In-vitro Fertilization (IVF) has proven to be a boon offered to humans by humanity, a treatment that gives infertile couples the pleasure of being parents of their children. IVF services have become common in India over the millennium. The Indian IVF services industry will hit a CAGR of 16.6 per cent in 2022, at $775.9 million.

Fertility specialists also enjoy high demand, with the demand for IVF services, leading to further growth of their services. The demand for these facilities has been studied and the conditions that serve as catalysts for business development have been understood by fertility experts and researchers.

Some of the factors why the process of IVF is booming in India are as follow:
The rising number of infertile couples: The main reason for increasing the industry is infertility among married couples. About 10 to 14 per cent of the Indian population are affected by infertility according to statistics. Therefore, many other health issues led to infertility among married couples. IVF has played an important role and made a whole lot of difference for them which led to an increase in IVF services in India.

Changing lifestyle patterns: Today, with the changing lifestyle patterns girls think to start their families later in life due to this the age of marriage is postponed and, in the age of 20s, women are most fertile. Due to the delay, fertility gradually starts declining after the age of 32 and speeds up declining after the age of 35. This forms another reason that people are turning towards IVF services more often.

Cheaper health caregiving rises to medical tourism: IVF treatment is much less expensive as compared to the US and UK and the quality is also as good. Because of its cost-effectiveness in hospitals and health services, India has become a hub for medical tourism. This is an IVF services catalyst, as India is attracting more patients suffering from infertility from outside boarders. In India, IVF services are considerably cheaper but highly effective. Investors are also coming towards to invest in the IVF market, which appears to make a great profit from medical tourism.

Position Of IVF In Foreign Countries:

In foreign countries like the US, the treatment of infertile is not regarded as serious genuine medical care by many of the private insurance companies. Patients in the US are not allowed to claim treatment on private medical insurance as there is no federal medical cover available in IVF. As a result, infertility is not considered a disease. In the Clinton administration�s health security plan, 1993 IVF was excluded from the standard benefits package.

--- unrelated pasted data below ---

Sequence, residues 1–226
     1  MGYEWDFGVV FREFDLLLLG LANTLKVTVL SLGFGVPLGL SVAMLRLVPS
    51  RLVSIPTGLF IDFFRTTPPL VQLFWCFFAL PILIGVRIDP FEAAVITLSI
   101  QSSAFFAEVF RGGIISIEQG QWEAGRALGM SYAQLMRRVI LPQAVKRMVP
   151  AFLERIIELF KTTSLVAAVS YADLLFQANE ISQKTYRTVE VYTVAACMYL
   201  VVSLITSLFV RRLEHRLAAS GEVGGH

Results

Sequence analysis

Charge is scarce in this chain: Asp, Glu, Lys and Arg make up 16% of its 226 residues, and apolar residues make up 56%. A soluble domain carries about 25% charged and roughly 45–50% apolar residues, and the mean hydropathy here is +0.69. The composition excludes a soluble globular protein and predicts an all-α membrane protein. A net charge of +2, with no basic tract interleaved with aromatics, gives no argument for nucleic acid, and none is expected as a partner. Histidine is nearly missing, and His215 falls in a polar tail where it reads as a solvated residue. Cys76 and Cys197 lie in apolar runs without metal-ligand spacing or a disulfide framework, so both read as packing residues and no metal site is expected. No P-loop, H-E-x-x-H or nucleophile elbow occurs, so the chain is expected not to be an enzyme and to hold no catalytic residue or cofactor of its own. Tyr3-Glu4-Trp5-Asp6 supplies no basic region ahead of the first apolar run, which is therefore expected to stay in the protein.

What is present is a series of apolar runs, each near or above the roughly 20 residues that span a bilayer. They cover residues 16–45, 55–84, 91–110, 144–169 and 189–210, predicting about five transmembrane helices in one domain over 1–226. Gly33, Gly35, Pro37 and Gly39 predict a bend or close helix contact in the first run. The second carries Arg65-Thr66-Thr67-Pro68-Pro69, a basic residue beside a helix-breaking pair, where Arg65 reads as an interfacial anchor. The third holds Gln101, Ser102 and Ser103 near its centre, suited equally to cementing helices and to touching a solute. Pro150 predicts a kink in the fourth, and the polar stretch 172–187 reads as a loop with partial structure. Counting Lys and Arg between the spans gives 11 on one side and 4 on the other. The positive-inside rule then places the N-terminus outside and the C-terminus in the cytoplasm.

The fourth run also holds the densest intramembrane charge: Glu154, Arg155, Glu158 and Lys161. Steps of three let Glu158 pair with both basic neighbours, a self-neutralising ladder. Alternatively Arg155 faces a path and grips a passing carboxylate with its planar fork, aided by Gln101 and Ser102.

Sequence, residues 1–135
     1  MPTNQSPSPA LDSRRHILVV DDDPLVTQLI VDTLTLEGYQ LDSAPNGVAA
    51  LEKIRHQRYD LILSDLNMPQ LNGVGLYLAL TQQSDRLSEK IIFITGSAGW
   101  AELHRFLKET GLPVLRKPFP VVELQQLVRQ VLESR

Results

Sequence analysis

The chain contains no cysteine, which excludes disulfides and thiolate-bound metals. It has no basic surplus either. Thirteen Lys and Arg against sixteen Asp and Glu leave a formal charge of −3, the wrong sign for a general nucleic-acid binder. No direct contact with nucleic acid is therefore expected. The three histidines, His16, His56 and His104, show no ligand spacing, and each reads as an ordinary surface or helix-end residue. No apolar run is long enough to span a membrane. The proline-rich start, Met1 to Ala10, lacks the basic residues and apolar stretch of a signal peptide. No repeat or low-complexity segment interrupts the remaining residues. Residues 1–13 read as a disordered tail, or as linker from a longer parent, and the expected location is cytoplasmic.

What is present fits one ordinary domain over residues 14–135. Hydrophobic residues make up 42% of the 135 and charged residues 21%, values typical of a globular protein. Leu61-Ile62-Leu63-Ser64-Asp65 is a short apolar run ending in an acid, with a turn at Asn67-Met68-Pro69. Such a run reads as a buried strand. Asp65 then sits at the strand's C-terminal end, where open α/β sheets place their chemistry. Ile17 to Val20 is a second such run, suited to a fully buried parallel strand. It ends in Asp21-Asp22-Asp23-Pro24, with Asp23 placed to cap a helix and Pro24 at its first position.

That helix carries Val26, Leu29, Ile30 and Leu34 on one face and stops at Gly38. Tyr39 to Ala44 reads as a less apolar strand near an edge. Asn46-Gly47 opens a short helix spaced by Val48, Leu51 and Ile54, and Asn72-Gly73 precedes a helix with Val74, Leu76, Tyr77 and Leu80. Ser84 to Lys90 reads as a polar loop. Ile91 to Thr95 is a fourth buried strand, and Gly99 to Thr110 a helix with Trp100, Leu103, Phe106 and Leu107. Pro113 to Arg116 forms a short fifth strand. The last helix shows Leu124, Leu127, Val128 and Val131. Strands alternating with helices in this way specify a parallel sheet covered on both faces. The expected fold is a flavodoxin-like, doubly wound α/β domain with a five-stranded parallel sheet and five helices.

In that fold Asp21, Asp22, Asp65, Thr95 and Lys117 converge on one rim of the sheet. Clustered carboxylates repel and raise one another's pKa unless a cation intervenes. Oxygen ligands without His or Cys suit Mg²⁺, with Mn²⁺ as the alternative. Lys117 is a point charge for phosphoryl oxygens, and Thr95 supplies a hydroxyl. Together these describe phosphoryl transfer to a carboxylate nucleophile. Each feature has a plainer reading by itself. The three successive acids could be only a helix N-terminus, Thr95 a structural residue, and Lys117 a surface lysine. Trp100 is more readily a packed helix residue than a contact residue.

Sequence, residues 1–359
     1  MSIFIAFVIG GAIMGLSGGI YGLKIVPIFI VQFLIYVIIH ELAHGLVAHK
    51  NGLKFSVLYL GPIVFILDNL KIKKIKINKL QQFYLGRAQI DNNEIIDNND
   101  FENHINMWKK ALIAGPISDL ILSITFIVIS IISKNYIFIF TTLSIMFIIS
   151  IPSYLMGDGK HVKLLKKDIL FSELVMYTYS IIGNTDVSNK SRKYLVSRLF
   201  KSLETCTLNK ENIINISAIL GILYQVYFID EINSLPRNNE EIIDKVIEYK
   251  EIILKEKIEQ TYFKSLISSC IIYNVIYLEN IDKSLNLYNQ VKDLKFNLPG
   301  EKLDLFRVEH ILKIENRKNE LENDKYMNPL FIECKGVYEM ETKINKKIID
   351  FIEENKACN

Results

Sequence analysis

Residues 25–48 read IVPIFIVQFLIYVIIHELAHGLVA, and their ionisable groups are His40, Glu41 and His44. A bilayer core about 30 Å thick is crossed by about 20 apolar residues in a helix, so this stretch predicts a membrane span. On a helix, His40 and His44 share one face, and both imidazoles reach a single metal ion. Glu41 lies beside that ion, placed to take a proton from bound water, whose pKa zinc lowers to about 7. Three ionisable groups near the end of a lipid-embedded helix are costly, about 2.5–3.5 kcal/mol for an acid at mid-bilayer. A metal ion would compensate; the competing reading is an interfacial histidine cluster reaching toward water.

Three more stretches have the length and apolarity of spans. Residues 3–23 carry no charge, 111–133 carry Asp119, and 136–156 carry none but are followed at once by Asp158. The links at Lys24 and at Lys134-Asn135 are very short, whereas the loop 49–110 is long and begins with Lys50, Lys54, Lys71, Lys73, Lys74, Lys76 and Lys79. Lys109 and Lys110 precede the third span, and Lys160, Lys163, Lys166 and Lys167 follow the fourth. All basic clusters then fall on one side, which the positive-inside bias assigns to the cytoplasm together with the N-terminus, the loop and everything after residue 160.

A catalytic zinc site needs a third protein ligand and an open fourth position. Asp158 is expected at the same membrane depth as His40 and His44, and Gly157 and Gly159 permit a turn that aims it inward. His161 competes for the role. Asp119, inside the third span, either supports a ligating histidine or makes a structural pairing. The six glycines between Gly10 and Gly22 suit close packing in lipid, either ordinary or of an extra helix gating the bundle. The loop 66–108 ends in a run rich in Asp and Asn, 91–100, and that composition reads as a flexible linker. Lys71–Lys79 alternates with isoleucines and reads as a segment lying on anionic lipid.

Thus, they are dependent much on the religion, social foundation, ethical, cultural beliefs of the area. Therefore, some states and countries still have a ban and restrictions on this medical procedure. This procedure is severely prohibited in Austria, Germany, France, and some US states whereas, in countries like Russia, Kazakhstan, South Africa is not banned. Countries like in Egypt and other Asian countries ART can only be conducted for married couples whereas, in France, Italy marriages or legal relationship are also necessary for IVF. Countries like Sweden, Denmark has no limitations or restrictions like this.

The world�s first test-tube baby was born in 1978 and the first child conceived through the in vitro procedure was in 1979 after 20 years of research by a British team in Great Britain [10]. In December 1981, the first IVF birth took place in the united states. More than 169 clinics have been established in the united states only since 1978.

In countries like Belgium, Israel, Italy, Holland, Denmark, Norway, Spain there is full state insurance provided for the people undergoing IVF or other ARTs.

The royal commission in Canada recommended that this IVF procedure is unethical and to devote public resources to them.

Therefore, there is a wide range between the cost and prices in different countries due to the different methods of calculations and because of the difference in wages, equipment, and prices among these countries. Moreover, many legislations or regulations have also been installed in different countries for the control of the undesired exploitation of the patient.

Ethical Issues With IVF:

Religion played an important role in the religious protestants, Catholics, Orthodox, and Muslim groups, and ART usage. For example, in the catholic church, adoption is acceptable but artificial insemination by husband or donor, or IVF is not allowed as they think that procreation with a sexual union is unnatural. In Judaism, insemination by donor is forbidden and a child considered as offspring of the biological father. To heal the illness of infertility, artificial insemination using the husband�s sperm or IVF are accepted.

In Germany, embryo research is banned. Therefore, many people believe that an embryo has the potential to be an individual or to become a human being and therefore it should not be should for research. Whereas other people think that reach on embryo is unfair to the people who are suffering from infertility and they should be allowed to make their own choices.

The technology of assisted technology will still have two views. At one end of the continuum, people would believe that this technology enables couples to exploit and object to nature. At the other end, people would assume that this invention is a victory over the naivety of individuals, who could be used to conquer the limitations of existence. These views - since these are founded on fundamental personal values (and not facts) - can never be reconciled, and we will have to learn to live with this moral dichotomy.

As to improve the chance of pregnancy many embryos are involved but only one can be used at a time due to this the embryos which are not needed are frozen for research work also the embryo which is frozen and are not transferred in the uterus are frozen for research or else destroyed. Many people believe that if an embryo is considered an individual then it is unethical to destroy it as it equivalent to intentionally killing an individual.